I recognized Don McGregor’s name from some stories he wrote for the Warren black-and-white horror books (you know, Creepy, Eerie) which, almost without exception, I disliked. McGregor was a painfully earnest writer in a painfully earnest era, and would stop a decent horror story dead in the water for a sermon.

For instance, here’s Sidney Portier telling it like it is while the guy behind him turns into a werewolf in Creepy #43’s “The Men Who Called Him Monster”. Don’t those word balloons look like they’re about to pop?

McGregor’s work on Marvel titles, though, is incredible. Perhaps a bit overwritten… a better description would be densely written… but maybe his editors at the big M kept his more self-indulgent tendencies in check, with the result that his talent shines. He also did a stint on “Luke Cage, Power Man” which is more multi-layered than Mr. Cage usually got, and I seem to recall a stellar run on “The Black Panther” that I’ve got to dig back out, one of these days.

Marvel Essentials Killraven is one of these books that presents the entire run of a character, including a somewhat muddy black-and-white version of a Marvel Graphic Novel that at least wrapped up one storyline left over when the book was cancelled. Then it ends up with a well-intentioned (and undeniably pretty) but ultimately pointless attempt to revive the character in the Marvel Knights line. As such, it’s more like reading a novel than most such books, with a couple of well-sustained story arcs and some great character work. McGregor is also one of the few writers in comics who seems to appreciate and employ running gags well.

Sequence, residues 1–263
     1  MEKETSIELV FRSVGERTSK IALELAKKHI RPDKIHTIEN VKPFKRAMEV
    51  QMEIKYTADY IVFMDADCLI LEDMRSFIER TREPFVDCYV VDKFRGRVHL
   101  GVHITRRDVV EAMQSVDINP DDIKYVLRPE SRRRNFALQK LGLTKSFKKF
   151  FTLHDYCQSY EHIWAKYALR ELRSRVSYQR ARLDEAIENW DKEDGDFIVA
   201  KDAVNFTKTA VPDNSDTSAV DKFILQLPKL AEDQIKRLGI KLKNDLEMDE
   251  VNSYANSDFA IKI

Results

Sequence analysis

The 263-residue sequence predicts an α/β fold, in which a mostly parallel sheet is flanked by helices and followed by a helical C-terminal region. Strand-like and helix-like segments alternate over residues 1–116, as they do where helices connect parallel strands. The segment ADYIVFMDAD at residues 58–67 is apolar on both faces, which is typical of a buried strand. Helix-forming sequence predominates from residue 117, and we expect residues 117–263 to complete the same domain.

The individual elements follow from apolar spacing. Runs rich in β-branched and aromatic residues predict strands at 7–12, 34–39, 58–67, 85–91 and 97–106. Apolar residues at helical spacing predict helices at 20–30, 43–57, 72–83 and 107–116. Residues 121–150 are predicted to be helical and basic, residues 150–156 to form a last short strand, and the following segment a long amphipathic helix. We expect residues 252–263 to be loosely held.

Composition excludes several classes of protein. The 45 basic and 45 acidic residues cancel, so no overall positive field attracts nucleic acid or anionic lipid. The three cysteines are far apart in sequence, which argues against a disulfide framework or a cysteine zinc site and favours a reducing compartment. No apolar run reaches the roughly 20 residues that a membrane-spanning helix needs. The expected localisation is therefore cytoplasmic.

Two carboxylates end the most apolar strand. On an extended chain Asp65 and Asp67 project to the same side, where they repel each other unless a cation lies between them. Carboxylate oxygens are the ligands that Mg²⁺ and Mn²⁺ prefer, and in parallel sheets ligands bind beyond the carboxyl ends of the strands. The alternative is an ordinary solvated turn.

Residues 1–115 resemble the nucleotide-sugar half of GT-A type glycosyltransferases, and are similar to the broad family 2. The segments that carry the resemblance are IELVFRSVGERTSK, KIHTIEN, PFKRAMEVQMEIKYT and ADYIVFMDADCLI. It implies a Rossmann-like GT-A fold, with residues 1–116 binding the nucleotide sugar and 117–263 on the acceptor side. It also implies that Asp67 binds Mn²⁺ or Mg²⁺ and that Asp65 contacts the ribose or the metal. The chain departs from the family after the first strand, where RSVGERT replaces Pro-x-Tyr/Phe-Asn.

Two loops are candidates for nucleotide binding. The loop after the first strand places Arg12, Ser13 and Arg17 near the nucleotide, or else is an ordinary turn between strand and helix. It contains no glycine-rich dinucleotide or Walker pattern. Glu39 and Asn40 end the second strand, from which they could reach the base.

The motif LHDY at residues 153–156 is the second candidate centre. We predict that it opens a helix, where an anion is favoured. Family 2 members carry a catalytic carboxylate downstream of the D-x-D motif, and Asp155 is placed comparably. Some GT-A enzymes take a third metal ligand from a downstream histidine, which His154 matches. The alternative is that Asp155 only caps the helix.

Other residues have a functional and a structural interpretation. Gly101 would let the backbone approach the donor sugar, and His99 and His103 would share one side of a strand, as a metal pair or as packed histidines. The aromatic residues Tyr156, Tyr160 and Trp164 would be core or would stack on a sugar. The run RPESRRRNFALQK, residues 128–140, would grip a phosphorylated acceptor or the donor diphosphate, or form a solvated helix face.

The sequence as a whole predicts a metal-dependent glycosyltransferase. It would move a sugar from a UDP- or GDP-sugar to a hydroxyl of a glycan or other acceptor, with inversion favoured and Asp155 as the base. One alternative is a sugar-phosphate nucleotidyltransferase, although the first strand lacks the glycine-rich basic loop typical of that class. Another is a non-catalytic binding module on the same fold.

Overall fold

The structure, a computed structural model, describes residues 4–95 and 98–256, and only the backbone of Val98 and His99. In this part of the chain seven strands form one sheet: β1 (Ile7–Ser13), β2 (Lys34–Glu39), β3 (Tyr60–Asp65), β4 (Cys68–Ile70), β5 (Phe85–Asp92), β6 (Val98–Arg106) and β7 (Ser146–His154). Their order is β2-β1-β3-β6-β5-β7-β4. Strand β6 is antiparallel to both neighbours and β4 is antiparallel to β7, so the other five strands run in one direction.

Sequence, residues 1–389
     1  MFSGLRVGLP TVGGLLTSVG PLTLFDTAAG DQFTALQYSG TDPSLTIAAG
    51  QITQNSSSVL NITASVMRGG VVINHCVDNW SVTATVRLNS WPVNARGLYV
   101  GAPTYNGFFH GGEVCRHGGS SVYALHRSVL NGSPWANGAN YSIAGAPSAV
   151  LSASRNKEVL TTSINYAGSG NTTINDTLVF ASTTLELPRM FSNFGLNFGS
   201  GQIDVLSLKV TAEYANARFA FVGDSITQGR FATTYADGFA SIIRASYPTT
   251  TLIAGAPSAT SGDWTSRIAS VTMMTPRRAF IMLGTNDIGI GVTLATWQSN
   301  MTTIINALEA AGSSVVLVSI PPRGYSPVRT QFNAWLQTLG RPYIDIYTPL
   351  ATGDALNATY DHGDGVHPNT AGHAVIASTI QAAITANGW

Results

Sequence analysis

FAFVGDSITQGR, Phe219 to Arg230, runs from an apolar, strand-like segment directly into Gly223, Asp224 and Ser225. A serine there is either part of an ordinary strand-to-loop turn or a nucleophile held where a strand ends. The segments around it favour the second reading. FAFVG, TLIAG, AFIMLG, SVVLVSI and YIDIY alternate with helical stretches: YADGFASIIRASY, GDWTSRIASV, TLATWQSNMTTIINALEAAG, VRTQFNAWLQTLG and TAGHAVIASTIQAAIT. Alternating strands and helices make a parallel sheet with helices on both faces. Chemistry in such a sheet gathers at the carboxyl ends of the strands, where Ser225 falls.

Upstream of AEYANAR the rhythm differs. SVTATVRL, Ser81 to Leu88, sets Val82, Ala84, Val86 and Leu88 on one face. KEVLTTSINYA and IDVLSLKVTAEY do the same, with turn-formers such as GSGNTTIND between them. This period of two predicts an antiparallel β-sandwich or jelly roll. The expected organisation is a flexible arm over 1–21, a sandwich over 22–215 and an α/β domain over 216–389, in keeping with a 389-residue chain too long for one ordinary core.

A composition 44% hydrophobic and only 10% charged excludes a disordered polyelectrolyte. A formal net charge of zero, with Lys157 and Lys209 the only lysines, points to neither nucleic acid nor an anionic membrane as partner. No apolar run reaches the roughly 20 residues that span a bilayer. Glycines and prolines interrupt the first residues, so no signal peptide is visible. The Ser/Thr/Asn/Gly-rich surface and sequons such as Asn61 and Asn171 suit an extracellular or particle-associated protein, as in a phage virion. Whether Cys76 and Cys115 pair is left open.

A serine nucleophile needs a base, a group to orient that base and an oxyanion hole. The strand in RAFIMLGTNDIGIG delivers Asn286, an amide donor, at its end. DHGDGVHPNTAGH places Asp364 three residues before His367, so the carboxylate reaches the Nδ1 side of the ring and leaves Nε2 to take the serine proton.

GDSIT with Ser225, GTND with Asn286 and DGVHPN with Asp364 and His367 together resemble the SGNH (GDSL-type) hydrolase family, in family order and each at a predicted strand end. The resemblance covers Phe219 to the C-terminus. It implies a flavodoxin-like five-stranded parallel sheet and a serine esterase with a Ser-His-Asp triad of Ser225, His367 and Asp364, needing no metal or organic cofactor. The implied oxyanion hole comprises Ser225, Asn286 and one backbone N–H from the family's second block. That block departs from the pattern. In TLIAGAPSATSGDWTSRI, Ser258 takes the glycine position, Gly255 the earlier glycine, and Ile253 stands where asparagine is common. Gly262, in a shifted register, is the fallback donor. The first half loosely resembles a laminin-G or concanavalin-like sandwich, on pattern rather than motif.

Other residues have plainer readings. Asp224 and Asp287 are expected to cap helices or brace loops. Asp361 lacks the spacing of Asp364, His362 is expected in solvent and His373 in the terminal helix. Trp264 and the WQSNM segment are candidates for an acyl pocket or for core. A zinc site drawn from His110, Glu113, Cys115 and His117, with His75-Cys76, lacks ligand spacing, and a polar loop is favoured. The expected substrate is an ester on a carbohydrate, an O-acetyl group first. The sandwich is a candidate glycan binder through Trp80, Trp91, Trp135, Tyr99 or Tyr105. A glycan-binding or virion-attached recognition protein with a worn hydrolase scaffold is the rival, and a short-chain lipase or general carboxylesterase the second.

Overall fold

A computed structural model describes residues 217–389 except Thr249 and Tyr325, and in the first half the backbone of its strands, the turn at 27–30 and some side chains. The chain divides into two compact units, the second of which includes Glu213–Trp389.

I keep dropping the Fantastic Four name, and never get around to them, do I? Maybe it’s because of the total seven volumes currently available, I’ve only read five. More likely it’s just my scattered disorganized brain. Even more likely, I’m just too lazy to organize these slow-motion essays. I find that, overall, the reason I love the Marvel Essentials books is I didn’t read that much Marvel when I was really young. I expected lofty stuff from my regular, text-based books, but for my funny books I went for the more easily-digested DC and Gold Key fare.